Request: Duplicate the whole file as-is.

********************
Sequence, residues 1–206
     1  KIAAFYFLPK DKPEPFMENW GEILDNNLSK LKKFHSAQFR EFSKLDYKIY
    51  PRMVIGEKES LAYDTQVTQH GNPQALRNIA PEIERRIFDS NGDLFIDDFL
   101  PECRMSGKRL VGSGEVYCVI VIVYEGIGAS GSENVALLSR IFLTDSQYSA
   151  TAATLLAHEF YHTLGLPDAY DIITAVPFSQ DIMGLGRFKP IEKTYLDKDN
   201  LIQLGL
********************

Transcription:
Sequence, residues 1–206
     1  KIAAFYFLPK DKPEPFMENW GEILDNNLSK LKKFHSAQFR EFSKLDYKIY
    51  PRMVIGEKES LAYDTQVTQH GNPQALRNIA PEIERRIFDS NGDLFIDDFL
   101  PECRMSGKRL VGSGEVYCVI VIVYEGIGAS GSENVALLSR IFLTDSQYSA
   151  TAATLLAHEF YHTLGLPDAY DIITAVPFSQ DIMGLGRFKP IEKTYLDKDN
   201  LIQLGL